• Call Now

1800-102-2727
•

# Capillarity- Determination of Capillary Rise, Practice Problems, FAQs

Capillary- Surface Tension, Rise of Liquid, Applications, Practice Problems, FAQs

Let's think about the scenario where you submerged the towel's end in the water-filled pail. The towel's other end is draped over the bucket. But after a while, it is noticed that the entire towel becomes wet. Capillary action is the term for the ascent of the water to the opposite end. This phenomena has several real-world uses. The same phenomenon is used once more to explain the ascent of water from roots to the tops of the leaves. The capillary action will be examined in this article, along with the capillary rise formula.

• Surface Tension
• Capillarity
• Determination of Capillary Rise
• Applications of Capillarity
• Practice Problems
• FAQs

## Surface Tension

Surface tension is a feature of a liquid that causes it to act like a stretched membrane under tension and try to occupy as little space as possible while the liquid is at rest. Due to the imbalanced or asymmetric force acting on the liquid molecules dwelling at the surface, as seen in the image below, it is only present on the liquid's free surface.

Consider an imaginary line AB of length L on the free liquid surface. The liquid at the right part of that imaginary line pulls the liquid on the left part by a tensile force F and vice-versa as shown in the figure below.

Mathematically, surface tension (S) is defined as tensile force (F) per unit length (L),

Note:

• Surface tension is a scalar quantity.
• SI unit of surface tension is Nm-1 and dimension is [MT-2].

Causes of Surface Tension

The free surface of the liquid acts like a stretched membrane, i.e. the surface of a liquid is in a state of tension as the surface of an inflated balloon.

Surface tension is due to intermolecular attraction. In the volume of liquid, every molecule such as A, as shown in figure, is surrounded by an equal number of molecules on all sides. Therefore, no net force acts on this molecule. On the other hand, a molecule on the surface of liquid such as B is surrounded with very molecules on the vapour side as compared with the liquid below. Thus, it experiences a net force F in downward direction as shown in the figure. If one pulls the molecule B upwards, then one has to work against the intermolecular attraction. Therefore, molecules on the free surface of a liquid have potential energy. If molecule A is shifted to the position of the molecule B, then external work has to be done in breaking the bonds because at position A molecule forms more bonds with the neighbours as compared to the position of molecule B. Thus, molecules on the surface of liquid have more potential energy as compared to the molecules in the body of liquid. Under the action of surface tension forces, the free surface of a liquid tends to have the least area for a given volume of liquid in order to minimise its potential energy. Since the sphere has a minimum area for a given volume, therefore raindrops and small droplets of mercury are approximately spherical.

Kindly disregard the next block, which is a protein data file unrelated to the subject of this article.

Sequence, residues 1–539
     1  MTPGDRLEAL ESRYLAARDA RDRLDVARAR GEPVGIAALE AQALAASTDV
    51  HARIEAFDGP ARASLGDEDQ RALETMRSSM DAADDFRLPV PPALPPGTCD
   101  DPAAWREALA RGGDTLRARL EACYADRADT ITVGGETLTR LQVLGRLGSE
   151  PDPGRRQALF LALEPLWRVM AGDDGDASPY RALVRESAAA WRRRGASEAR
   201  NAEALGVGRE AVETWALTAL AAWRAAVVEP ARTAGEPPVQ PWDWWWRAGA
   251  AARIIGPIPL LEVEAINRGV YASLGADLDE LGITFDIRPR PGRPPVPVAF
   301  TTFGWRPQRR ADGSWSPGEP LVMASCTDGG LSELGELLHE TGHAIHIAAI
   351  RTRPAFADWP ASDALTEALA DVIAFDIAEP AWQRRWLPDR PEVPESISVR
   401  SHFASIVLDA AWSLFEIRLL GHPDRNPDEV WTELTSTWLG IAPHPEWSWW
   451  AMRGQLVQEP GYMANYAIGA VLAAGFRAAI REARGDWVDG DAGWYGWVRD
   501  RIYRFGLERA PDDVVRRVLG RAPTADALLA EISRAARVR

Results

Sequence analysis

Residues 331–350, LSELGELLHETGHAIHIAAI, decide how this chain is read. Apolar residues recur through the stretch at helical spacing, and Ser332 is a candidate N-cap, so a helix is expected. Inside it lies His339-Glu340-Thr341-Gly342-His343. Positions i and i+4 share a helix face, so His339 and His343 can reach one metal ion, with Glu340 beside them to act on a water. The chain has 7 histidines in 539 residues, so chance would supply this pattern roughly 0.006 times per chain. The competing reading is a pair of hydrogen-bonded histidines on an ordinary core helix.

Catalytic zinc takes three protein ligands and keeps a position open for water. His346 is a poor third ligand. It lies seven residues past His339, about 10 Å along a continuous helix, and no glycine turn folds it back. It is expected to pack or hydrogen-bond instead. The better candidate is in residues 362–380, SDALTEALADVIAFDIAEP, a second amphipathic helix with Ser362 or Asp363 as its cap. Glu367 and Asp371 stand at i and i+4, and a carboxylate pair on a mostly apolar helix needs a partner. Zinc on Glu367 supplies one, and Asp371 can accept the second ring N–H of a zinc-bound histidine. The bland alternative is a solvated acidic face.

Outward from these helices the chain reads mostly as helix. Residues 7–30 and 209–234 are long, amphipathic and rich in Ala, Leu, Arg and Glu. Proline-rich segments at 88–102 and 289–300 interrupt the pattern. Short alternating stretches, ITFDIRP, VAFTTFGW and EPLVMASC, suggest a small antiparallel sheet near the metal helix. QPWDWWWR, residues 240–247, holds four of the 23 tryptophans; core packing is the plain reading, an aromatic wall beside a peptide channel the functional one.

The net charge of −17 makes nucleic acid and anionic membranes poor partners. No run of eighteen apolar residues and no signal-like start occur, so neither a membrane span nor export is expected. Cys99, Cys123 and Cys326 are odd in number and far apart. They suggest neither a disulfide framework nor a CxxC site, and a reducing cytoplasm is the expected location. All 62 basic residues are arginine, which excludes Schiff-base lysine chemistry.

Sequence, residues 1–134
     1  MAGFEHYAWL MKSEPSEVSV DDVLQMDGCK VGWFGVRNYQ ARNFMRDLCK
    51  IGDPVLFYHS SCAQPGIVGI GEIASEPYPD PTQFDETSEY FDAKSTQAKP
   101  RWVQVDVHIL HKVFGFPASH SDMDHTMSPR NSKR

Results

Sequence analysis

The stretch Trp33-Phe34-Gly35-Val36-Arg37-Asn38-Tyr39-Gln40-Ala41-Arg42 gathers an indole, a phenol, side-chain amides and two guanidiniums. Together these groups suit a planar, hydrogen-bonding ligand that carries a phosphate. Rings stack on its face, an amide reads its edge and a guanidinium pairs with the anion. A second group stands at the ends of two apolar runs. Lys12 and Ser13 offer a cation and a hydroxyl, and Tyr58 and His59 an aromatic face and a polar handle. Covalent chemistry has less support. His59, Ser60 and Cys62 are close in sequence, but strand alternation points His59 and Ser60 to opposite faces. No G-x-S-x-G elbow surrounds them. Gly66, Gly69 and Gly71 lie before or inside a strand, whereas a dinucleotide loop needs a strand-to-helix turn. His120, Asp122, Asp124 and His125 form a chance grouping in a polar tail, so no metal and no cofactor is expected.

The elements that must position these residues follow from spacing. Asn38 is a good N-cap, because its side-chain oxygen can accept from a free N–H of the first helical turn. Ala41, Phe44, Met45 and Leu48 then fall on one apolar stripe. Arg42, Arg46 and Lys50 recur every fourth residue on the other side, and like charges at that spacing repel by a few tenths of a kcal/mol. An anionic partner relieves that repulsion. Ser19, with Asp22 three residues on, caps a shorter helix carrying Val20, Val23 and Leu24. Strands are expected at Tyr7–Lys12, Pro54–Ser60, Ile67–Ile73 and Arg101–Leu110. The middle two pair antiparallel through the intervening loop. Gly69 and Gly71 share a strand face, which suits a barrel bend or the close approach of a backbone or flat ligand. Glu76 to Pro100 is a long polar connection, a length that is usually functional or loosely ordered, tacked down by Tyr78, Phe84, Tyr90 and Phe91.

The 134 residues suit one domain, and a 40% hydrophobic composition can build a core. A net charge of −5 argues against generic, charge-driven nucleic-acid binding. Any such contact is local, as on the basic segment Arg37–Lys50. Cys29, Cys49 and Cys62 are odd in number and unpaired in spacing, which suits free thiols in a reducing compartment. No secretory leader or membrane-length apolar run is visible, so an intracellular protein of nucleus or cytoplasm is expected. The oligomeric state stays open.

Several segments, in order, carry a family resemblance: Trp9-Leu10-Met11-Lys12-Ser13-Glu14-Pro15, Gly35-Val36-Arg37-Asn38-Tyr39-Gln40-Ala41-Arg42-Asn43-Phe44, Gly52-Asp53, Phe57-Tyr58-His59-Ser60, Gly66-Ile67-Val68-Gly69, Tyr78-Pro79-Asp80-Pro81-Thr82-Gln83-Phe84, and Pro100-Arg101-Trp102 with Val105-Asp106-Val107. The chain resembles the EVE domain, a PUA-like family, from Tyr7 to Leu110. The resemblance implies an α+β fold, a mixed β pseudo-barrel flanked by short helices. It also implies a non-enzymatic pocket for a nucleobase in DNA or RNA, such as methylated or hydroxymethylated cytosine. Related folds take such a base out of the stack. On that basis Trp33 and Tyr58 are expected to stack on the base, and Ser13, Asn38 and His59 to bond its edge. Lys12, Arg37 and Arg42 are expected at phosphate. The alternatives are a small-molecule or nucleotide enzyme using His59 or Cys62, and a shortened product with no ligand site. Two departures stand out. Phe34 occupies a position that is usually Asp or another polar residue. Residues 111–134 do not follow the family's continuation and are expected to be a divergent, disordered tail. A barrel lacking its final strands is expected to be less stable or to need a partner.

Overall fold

## Capillarity

A glass tube of very fine bore throughout the length of the tube is called capillary tube. If the capillary tube is dipped in water, the water wets the inner side of the tube and rises in it as shown in the figure (a). If the same capillary tube is dipped in mercury, then the mercury is depressed as shown in figure (b). The phenomenon of the rise or fall of liquids in a capillary tube is called capillarity.

The liquids which rise in a capillary are called wetting liquids; and the liquids which fall in the capillary are called non-wetting liquids. The wetting and non-wetting action of a fluid is explained by the cohesive and adhesive forces. If the adhesive forces are stronger than cohesive forces then the liquids wet the solid surface, as the water wets the surface of glass. If the cohesive forces are stronger than the adhesive forces, then the liquids do not wet the solid surface, as mercury does not wet the surface of glass.